Another month of our new ‘life without tourists’ has come and gone. Here we are a week into June. It has been 2 1/2 months since most our guests left for the mainland. Our last guests extended their stay a little and left early April. Surreal.
Hawaii State has thankfully stabilized its Covid-19 cases. The State has been reopening, as of last week restaurants are allowed to reopen for modified dine-in service. Some have, but others haven’t. My personal fave, Gannon’s, announced they are not reopening until life without tourists ends. Another friend told me their (Gannon’s) monthly rent. As the number is unconfirmed, I won’t post it here – but suffice it to say, my $120 for lunch every few months is not even a drop in the bucket. I understand.
We are anxiously awaiting June 16th – the day the inter-island 14 day quarantine is finally lifted. This is generally seen as one of the precursors to the mandatory 14 day quarantine from the mainland being lifted.
The roads are becoming busier as locals stop self-isolating. I find this ironic. I work part-time at a medical office and one of my jobs is to make appointment confirmation calls. Patients swear to me they have been staying at home, self-isolating. Then who is driving on the roads? Oh right – that’s me, I guess!
Zipline – I have never been ziplining, so that is something I’d like to try. This would be a fun birthday activity with the kids. I guess we’ll see which ones reopen and decide.
Maui Ocean Center – our local aquarium has been closed for the past few months. Once they reopen, I would like to see the new humpback whale exhibit and video in the new dome. They have incidentally repainted the blue waves along the outside of the building. Interesting.
Road to Hana – it has been closed for travel to all but those who live there since Covid-19 due to the remoteness and lack of medical facilities on that side of the island. I get it. But once they reopen, there are some hikes that I need to check out!
Look what I was able to do yesterday! Remember the lookout on the Pali, between Maalaea and the tunnel on the way to Lahaina? We were able to pull into a near empty parking lot, park and take pictures of the view!
It’s been a month since my last update post, so here goes. Hawaii has weathered the Covid-19 storm pretty well. On Friday we had our first day with no new cases in all of Hawaii. At least none that were tested positive.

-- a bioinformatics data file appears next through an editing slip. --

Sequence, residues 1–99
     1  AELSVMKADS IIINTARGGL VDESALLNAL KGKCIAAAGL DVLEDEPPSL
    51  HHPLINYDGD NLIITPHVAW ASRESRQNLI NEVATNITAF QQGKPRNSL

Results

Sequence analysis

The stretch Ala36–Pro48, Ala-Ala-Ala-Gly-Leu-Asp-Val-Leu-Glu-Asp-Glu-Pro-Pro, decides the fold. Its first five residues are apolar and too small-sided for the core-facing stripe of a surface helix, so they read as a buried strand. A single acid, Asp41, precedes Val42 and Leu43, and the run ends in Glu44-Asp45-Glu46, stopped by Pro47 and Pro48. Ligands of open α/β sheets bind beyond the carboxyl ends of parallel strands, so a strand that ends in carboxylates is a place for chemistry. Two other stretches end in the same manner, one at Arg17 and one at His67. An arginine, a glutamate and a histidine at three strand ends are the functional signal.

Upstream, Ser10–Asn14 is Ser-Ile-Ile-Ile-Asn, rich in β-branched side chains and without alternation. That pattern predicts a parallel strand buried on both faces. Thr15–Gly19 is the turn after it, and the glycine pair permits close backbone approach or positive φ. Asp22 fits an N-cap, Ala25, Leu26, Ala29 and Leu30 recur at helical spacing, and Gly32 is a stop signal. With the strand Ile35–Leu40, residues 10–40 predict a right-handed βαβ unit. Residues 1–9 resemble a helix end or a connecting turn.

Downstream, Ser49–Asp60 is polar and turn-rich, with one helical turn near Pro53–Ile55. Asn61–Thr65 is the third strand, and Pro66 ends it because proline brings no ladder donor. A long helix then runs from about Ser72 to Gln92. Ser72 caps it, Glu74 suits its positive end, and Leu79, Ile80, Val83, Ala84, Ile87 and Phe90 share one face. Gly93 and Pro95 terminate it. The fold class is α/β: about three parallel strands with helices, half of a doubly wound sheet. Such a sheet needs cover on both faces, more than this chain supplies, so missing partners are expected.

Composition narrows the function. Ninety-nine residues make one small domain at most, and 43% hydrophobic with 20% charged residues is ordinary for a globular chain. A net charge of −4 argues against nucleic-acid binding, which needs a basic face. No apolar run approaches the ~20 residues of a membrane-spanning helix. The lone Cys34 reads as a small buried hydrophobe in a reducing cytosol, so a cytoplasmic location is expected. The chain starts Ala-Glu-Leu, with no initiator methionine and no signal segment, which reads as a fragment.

In total for all Hawaiian islands they’ve had 629 reported cases with 17 deaths (total population of 1.4 million).
The State is slowly easing up on restrictions. Last weekend golf courses and county beach parks reopened (for exercise only, no sports or gatherings). This week retail and shopping malls are allowed to resume business operations (under strict guidelines of course).
The stay at home order and mandatory 14 day quarantine for all arrivals (including inter-island travel) continues through May 31, with the Senate committee in charge announcing that the quarantine will likely be extended.
Everyone is required to wear face masks when leaving their home (except to exercise). Lying on the beach/parks and congregating is not permitted at this time.
What does the mandatory 14 day quarantine involve?
When travelers arrive at the airport, they are met by the national guard or other authorities, checked for symptoms, and have to agree to the terms of the mandatory 14 day quarantine. There is an app they have to download prior to arrival and they are checked on multiple times a day (I’m told). See here for more information.
Basically, you can travel directly to the place you are staying at and then may not leave the room/condo for any reason unless to seek medical help. No shopping, no walking, no beach, simply 14 days of binge-TV-watching, reading, browsing the internet. Not exactly the vacation you planned.
Yes, the State has been enforcing and going after reported offenders. They’ve been getting a warning and then given the option of jail time to serve the remainder of their quarantine or returning to the mainland. There is talk of increasing fines.
What will happen next?
I would love to have a crystal ball as to how soon Hawaii State will reopen for business and visitors. Truthfully, this has hit Hawaii hard. For decades everyone has known that our economy needs to expand and not be so tourism-centered. With many hotels and resorts closed, all the associated businesses are either closed or operating on skeleton staffing. Affected businesses include hotels, resorts, condo owners, restaurants, activities providers, farmers, grocery stores, cleaners, maintenance people, rental car operators, Uber/Lyft drivers etc. State-wide unemployment numbers are at approximately 35% and the unemployment office has been hopelessly overwhelmed with all the applications.